A N P S A Fern Study Group

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Once you are on the Kings Highway head down the Clyde Mountain until just after you cross Cabbage Tree. Creek You will enter a 70km speed zone Look for the 23km marker to Batemans Bay one of the little green. triangles Western Distributor Road our road is just over the rise on the left As is Currowan State Forest. Turn down Western Distributor and follow along for 2 68km We are located on the block which is cornered. by Pig Road and Western Distributor We have two gates to enter the property one off Western Distributor. which is just up the hill aways after you pass the Pig Road turnoff The bottom gate is about 50m along Pig. Road Either is fine to use unless you are bringing your caravan in which case the top one is better We are. the big house with the green roof the only new house on the road. If you decide to come down the coast road you will need to turn right at the big roundabout just before going. in to Batemans Bay towards Nelligen This is the other end of the Kings Highway You will need to travel. about 20km along this road through Nelligen until you reach the 70km speed zone Once you go across. Dinner Creek Western Distributor is the next turn on the right Just follow the remainder of the instructions as. I suggest we plan to meet Penance Grove in Monga at around 10am after a leisurely breakfast and pack up If. we leave here at around 9 30am that should give us plenty of time. Directions are Back up the Kings Highway to the top of the Clyde There is a turn off to the left called River. Forest Road about 18km from Braidwood you then travel about 2km along this road through an interesting. little settlement and into the park It would probably be easier to meet at River Road and go in convoy as it is. pretty easy to take a wrong turn and the signage is limited You would need to leave the caravan at the turnoff. and travel with one of the other cars as turning and parking in the National Park would be a nightmare. Route through Goulburn, Saturday 18 April Meet from about 11 am at Dot s place 9 Benson street West Ryde We will be studying. Microsorum species in Australia If lost phone Dot on 02 98079056. Saturday 15 May Forest Island Track Royal National Park Meet from about 9 30 am for a 10 am start. An easy walk on a well graded track with ferns along most of it Parking available at side of Bertrand Stevens. Drive near the gate at the southern end of Lady Carrington Drive Enter the park from the Waterfall entrance. There is an entry fee Bring Picnic or packed lunch water sunscreen hat etc. All outings are subject to weather conditions being favourable Check for bushfire danger before any. Bushwalks If fire danger is imminent consider it cancelled Peter Hind 96258705. BPS Visit Reports,North Queensland Segment Nada Sankowsky. After reading the newsletter I thought that I should write a report about the British Fern Group s visit to North. Queensland I think I am the only member of the Fern Study Group in NQ at least I do not know of any other. members up here A member of the Cairns SGAP Robin Smith is a keen fernie He joined us for one day with. You will perhaps know that the group arrived in Cairns about midday on the Tuesday After getting their. vehicles and parks permits they headed up to the Tablelands for a garden visit at my place My husband Garry. and I provided them with afternoon tea homemade scones and a variety of homemade jams from the fruits of. our rainforest garden After the eats I took them on a guided tour of my fern gardens and bush houses I had. previously made several lists of ferns which I had sent to Barry White so that he could give them to the. members of the group before they left the south One list was a progressive guide to the ferns on view during. the drive up the Kuranda Range from Cairns to the Tableland Another list showed the ferns to be seen in my. collection Armed with this latter list the group was able to record ferns seen in my garden especially those that. I knew they would not have the opportunity to see in the wild during their limited time in the North Night was. closing in before we had finished the round, Remy Annie and Michel were particularly interested to see Coveniella one they had not heard about Martin. was delighted with the Cyathea exilis and other tree ferns a particular interest of his Tectaria siifolia was. appreciated with Jennifer taking photos of it Another fern that they insisted on seeing was the Resurrection. Fern Paraceterach muelleri that I was able to show them growing well in the garden They are a well. informed group and had obviously prepared themselves well for the trip Alan and I had an interesting. discussion about Ophioglossum which he noticed growing unobtrusively among other ferns in the bush house. fern bed Time ran out before I could show them the large terrarium in which I grow some of the finicky ferns. e g Aspleniums Lindsaeas and some filmy ferns This was unfortunate as I learned later that Patrick would. have enjoyed seeing more Aspleniums, On the following day we arranged a meeting place and took them through the forests of Mt Edith an area of. mountainous country east of the Tinaroo Dam This is a wonderful fern habitat and we were able to see a wide. range of tropical North Queensland ferns including the Giant Scrambling Fern a real giant Everyone had a. copy of the fern list which I had prepared for them We spent some time along a creek where we saw Grammitis. wurunuran various filmy ferns and Sticherus flabellatus compactus Marattias grow in profusion in this area. as do Diplazium dilatatum and D queenslandicum Pneumatopteris sogerensis Sphaerostephanos heterocarpa. Pteridoblechnum neglectum and Tectaria confluens Extensive areas of large rocks completely covered with. Asplenium simplicifrons some A australasicum and A athertonense are a feature of this forest. On rocks in the gullies Bolbitis taylorii was observed along with Pellaea nana and Adiantum diaphanum. Climbing ferns such as Arthropteris submarginalis and A palisotii and numerous specimens of Colysis ampla. were seen Tree ferns in this area include Cyathea cooperi C robertsiana C rebeccae and C woollsiana. We paused for lunch at a pleasant eatery in Atherton before continuing on to the Mt Baldy forestry area west. of Atherton This area is home to seven of the NQ tree ferns the previously mentioned ones plus C celebica. C baileyana and Dicksonia herbertii Two other NQ tree ferns occur only on Cape York Peninsula Martin. was really enthused about this area but suffered a disappointment when it was realised that there was not. enough time for the walk necessary to see C baileyana In this vicinity we also admired stands of Blechnum. wurunuran one of numerous NQ endemics Once again time ran out. We met the group as arranged on the northern side of Mareeba at 8 00 a m the next day for the long trip to. Mt Lewis Mecca of plant lovers Our first stop was in the lower section where many examples of. Thelypteridaceae are to be found as well as fearful specimens of the Stinging tree along with much Bramble. all encroaching onto the road Fortunately everyone took care not to brush into the Stingers Lindsaea. brachypoda was common on the vertical banks at the sides of the road Amphineuron opulentum and A. queenslandicum were both seen in the area as were several Christellas Macrothelypteris torresiana and. Pronephrium asperum Large specimens of Blechnum orientale and B cartilagineum intermingled with. Dicranopteris linearis and Cyathea rebeccae As we drove further along we were able to admire the fantastic. display of Cyathea rebeccae as it clothes the banks with layers of its glossy dark green fronds King Ferns. raised their giant fronds from over the steep sides of the road and deserved another stop Cyathea woollsiana. also presented a lovely sight at this corner, We spent some time at a very wet spot which was a fern wonderland with Diplazium dilatatum and D.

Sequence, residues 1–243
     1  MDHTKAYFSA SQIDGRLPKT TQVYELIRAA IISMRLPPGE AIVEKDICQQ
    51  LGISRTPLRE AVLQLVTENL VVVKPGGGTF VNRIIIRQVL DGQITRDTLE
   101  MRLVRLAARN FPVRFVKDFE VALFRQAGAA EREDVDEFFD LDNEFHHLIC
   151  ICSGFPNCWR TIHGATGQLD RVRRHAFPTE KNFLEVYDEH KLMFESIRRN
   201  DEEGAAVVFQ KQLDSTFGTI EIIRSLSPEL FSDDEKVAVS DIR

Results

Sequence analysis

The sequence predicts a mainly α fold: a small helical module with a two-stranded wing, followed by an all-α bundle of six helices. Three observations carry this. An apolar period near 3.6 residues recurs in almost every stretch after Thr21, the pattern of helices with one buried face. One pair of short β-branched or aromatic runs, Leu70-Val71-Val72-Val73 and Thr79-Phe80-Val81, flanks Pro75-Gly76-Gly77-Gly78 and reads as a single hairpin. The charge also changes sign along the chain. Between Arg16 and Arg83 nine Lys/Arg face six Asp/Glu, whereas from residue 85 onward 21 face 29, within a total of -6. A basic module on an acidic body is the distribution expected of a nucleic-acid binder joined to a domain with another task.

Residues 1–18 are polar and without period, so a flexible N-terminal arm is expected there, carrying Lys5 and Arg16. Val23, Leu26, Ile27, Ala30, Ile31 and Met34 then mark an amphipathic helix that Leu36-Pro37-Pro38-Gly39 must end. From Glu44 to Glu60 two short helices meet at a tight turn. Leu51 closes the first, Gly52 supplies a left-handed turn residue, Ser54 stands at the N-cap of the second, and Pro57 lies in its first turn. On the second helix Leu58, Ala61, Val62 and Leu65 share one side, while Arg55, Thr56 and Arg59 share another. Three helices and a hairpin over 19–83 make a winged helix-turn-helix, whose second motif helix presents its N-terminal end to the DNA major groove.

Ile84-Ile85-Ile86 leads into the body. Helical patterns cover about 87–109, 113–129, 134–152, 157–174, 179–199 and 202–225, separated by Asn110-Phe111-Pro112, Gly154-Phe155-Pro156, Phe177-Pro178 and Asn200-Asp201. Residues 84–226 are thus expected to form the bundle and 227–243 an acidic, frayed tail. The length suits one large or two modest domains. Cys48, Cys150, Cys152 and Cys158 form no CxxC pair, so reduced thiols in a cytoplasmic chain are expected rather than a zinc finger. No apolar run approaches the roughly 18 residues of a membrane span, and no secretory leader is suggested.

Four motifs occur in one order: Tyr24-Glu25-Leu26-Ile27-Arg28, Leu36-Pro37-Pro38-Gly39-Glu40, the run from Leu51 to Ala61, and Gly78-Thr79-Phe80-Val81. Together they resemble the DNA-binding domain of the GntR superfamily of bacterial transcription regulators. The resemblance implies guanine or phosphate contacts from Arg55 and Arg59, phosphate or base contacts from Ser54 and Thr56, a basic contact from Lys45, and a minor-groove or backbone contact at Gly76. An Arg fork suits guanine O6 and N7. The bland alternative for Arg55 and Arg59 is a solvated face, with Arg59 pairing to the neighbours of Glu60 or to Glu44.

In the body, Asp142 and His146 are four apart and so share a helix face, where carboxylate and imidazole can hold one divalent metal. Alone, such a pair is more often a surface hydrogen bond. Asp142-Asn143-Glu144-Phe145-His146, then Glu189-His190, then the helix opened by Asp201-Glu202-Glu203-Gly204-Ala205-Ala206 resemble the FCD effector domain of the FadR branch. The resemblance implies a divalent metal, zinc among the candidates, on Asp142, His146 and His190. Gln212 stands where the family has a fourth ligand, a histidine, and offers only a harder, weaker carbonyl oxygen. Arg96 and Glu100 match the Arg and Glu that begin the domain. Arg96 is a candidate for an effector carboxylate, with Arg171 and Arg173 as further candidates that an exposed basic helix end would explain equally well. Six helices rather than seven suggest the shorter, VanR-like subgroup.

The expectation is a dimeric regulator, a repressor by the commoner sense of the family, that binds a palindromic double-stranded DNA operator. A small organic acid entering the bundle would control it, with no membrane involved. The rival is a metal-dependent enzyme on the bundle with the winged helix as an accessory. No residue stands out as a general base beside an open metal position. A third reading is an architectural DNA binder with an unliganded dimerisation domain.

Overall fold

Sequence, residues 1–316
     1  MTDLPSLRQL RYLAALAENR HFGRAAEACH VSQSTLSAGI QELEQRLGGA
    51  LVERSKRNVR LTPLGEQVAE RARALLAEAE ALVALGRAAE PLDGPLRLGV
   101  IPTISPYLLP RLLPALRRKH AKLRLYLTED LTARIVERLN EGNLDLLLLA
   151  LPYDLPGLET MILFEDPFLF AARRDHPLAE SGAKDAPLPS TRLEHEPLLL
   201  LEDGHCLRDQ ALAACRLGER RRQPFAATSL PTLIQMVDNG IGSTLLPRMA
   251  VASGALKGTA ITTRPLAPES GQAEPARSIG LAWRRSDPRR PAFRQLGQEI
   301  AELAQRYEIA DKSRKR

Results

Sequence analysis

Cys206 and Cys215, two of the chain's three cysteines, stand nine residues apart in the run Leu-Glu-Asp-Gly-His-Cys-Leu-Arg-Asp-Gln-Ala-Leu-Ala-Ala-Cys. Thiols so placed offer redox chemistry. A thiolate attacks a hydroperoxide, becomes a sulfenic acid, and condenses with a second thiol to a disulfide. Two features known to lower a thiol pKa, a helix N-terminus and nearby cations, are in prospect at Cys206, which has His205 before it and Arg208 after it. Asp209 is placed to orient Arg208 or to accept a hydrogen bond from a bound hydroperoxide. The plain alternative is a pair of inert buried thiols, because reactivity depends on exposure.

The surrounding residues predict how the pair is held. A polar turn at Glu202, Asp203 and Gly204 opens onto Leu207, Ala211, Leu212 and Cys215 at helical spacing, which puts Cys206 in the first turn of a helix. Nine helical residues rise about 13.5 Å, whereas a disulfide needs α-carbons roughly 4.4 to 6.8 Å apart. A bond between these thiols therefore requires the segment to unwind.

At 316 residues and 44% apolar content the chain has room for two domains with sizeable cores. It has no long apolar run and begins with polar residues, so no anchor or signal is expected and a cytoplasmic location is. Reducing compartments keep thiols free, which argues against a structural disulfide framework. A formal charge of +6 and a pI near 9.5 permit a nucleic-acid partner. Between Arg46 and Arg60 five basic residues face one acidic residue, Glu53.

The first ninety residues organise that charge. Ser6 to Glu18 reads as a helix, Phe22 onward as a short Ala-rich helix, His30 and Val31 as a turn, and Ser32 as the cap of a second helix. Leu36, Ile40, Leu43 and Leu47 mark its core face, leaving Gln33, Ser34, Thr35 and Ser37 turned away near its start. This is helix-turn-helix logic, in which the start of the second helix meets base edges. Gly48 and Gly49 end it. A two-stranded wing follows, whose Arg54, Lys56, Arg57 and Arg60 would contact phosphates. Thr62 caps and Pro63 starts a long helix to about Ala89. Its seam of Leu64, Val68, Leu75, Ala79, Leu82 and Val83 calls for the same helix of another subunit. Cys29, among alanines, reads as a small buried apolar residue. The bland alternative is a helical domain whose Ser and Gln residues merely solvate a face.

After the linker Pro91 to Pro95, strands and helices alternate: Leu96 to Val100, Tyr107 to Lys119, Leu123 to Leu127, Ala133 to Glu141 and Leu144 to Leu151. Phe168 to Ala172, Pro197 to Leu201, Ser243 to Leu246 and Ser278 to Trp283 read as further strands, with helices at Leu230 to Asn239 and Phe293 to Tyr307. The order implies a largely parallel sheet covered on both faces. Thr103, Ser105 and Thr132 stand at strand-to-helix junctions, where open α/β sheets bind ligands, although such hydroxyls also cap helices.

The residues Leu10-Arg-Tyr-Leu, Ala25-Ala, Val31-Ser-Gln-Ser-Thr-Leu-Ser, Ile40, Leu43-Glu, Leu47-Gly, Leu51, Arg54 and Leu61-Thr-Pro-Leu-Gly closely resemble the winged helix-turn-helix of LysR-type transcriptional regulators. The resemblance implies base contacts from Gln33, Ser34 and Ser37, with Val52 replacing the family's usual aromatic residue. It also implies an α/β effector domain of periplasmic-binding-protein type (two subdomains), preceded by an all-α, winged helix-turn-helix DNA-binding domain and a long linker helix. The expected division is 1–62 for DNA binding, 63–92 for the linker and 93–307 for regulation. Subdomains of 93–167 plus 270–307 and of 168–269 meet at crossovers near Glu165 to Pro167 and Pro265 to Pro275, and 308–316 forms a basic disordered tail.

queenslandicum as well as Marattia oreades festooning the road verges while a short climb up the bank. revealed Bolbitis taylorii and Teratophyllum brightiae in profusion The Teratophyllum was showing. bathyphylls and dimorphic acrophylls i e juvenile leaves bathyphylls and adult leaves acrophylls. Epiphytes were common in this area Colysis ampla Platycerium bifurcatum Belvisia mucronata Drynaria. rigidula Davallia pyxidata and Arthropteris palisotii At one of the many magical creeks of Mt Lewis we. stopped to admire the numerous plants of Blechnum nudum and B articulatum which are such an unforgettable. sight on this particular stretch of water Sticherus flabellatus flabellatus adds its beauty to the scene Dainty. little Lindsaea obtusa was seen along the banks of this creek. We lunched at the cafe at the end of the road and afterwards took the group through the forest to a lookout. for a spectacular view of the hills and a chance to see many orchids although none was in flower at this time. One lone flower on the Rhododendron lochiae Australia s only Rhododendron did not impress However the. group seemed to enjoy the chance to examine a number of lithophytic ferns found at this site Some of these. were Scleroglossum wooroonooran Prosaptia maidenii Grammitis stenophylla and G wurunuran. Elaphoglossum callifolium and E queenslandicum Calymmodon luerssenianus as well as several filmy ferns. On the return journey I was reminded by Remy and Michel that I had promised to show them. Pteridoblechnum acuminatum and Taenitis pinnata They got their wish finding P acuminatum and P. neglectum growing together along a creek bank and seeing Taenitis pinnata at our last stop in the lower area of. the road After examining and photographing T pinnata we had our last cup of tea together and said our. goodbyes The group went back to Cairns via the Rex Range Road whist we returned home through Mareeba. We had had a wonderful two and a half days with very pleasant and interesting people and we thoroughly. enjoyed the time we believe the members of the group also had a great time. Kuranda Range Ferns Nada Sankowsky, Some easily seen ferns as you drive up the range from Cairns to the Atherton Tablelands. On the lower slopes of the range there are not many ferns to be seen but after rounding the hairpin bend. which takes you to the upper part of the range the numbers and varieties increase. Look to the right up in the trees just after the bend and you will see a few Platycerium superbum and then P. hillii and P bifurcatum cutting in as you get further along P superbum has the very large single nest frond. with very wide antlers while P hillii has round nest fronds and stiff mainly upright fertile fronds Compared to. P hillii P bifurcatum has floppy mainly pendulous fertile fronds with the nest fronds being fluted at the top. The long pale strap like fronds of the mainly epiphytic Pyrrosia longifolia can be sighted on rocky outcrops. as well as on trees while another epiphyte is Drynaria rigidula Basket Fern which can be seen all along the. road either as an epiphyte or growing on the rock walls. On both sides of the road on the rocky outcrops you will see clumps of the pale green simple fronds of. Microsorum punctatum This is an extremely hardy fern. Cyathea cooperi makes its appearance over the cliff side on the right as well as along the left with many small. plants beginning to get a toehold in the left hand gutters These will eventually be removed by road. maintenance crews Cyathea rebeccae makes sporadic appearances at first but becomes quite common further. along the roadsides This lovely fern has a very thin black trunk and noticeably glossy fronds. Clothing the cuttings on both sides of the road are large colonies of Dicranopteris linearis with the less. prolific Sticherus flabellatus alongside some of the D linearis stands or embedded within them. Some way after the Lookout on the right hand cutting wall there is a delightful group of Blechnum orientale. This fern appears in various other sections of the road but in smaller numbers than the aforementioned clump. Another blechnum to look for is B cartilagineum with its gorgeous red new fronds However unless it is. presenting its new growth this fern is not easy to pick up from a passing vehicle. As the forest becomes wetter look to the right and you should see the large fronds of Angiopteris evecta. King Fern protruding above the edge of the road, Other ferns which you will sight are various Thelypteridaceae spp e g Christella Amphineuron and. Macrothelypteris torresiana However these are not easy to separate as one zooms past Doodia spp are there. also but once again difficult to see zooming past The common Nephrolepis cordifolia has been used in a. number of places as a stabilizing agent A number of other ferns are in this area but are either not along the road. or are difficult to pick up as one motors past, Ferns in Nada Sankowsky s collection endemic to Australia Nada Sankowsky. Adiantum atroviride aethiopicum capillus veneris diaphanum formosum hispidulum numerous forms. silvaticum philippense Angiopteris evecta King Fern. Arachniodes aristata Coveniella poecilophlebia Dryopteris hasseltii sparsa. Lastreopsis acuminata decomposita grayi marginans microsora subsp microsora rufescens tenera. walleri wurunuran L species unnamed Revwattsia fragile. Tectaria brachiata confluens siifolia, Asplenium athertonense attenuatum australasicum baileyanum cuneatum excisum laserpitiifolium nidus. paleaceum parvum pellucidum polyodon simplicifrons unilaterale. Callipteris prolifera Diplazium assimile dietrichianum dilatatum queenslandicum dameriae Deparia. A N P S A Fern Study Group Newsletter Number 118 ISSN 1837 008X DATE November 2009 LEADER One list was a progressive guide to the ferns on view during the drive up the Kuranda Range from Cairns to the Tableland Another list showed the ferns to be seen in my collection Armed with this latter list the group was able to record ferns seen in my garden especially those that I knew they